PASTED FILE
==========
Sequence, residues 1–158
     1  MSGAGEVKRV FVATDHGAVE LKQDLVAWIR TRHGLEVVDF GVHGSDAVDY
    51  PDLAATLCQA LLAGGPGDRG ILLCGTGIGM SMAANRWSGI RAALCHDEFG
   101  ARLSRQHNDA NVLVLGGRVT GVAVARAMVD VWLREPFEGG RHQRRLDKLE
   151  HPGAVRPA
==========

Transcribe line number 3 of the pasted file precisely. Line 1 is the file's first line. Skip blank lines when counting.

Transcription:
    51  PDLAATLCQA LLAGGPGDRG ILLCGTGIGM SMAANRWSGI RAALCHDEFG